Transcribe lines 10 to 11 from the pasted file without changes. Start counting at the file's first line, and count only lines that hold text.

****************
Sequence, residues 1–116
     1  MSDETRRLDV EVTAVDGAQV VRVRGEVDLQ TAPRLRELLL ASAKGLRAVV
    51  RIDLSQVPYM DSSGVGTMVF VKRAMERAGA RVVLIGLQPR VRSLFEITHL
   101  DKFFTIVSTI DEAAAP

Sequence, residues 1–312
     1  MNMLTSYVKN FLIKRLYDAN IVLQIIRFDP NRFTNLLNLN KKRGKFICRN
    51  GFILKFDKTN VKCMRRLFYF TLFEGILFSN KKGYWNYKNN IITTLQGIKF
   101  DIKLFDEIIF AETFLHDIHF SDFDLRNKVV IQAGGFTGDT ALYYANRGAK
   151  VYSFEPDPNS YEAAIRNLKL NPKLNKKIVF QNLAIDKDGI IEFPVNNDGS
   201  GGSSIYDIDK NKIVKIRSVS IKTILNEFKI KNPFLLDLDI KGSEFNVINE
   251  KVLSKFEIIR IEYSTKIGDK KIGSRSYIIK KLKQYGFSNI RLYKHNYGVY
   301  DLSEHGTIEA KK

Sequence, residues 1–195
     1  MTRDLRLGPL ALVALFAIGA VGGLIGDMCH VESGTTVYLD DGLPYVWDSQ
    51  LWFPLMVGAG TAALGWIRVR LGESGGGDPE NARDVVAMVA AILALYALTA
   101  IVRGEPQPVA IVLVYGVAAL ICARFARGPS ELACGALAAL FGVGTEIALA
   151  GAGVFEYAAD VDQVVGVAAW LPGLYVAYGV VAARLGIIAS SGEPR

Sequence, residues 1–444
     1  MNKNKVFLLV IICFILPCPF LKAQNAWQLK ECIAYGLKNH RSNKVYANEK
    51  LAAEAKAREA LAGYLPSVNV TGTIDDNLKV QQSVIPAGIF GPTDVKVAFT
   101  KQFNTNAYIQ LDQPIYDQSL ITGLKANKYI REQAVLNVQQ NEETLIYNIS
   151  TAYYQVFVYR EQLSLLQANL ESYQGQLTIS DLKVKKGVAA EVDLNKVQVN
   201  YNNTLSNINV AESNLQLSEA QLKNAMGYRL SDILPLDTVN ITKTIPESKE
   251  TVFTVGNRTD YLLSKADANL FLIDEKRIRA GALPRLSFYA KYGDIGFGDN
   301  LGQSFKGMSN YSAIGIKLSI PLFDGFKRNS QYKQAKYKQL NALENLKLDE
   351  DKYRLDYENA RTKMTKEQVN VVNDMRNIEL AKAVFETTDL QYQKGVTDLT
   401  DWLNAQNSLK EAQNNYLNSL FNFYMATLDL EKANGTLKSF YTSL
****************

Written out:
   201  GGSSIYDIDK NKIVKIRSVS IKTILNEFKI KNPFLLDLDI KGSEFNVINE
   251  KVLSKFEIIR IEYSTKIGDK KIGSRSYIIK KLKQYGFSNI RLYKHNYGVY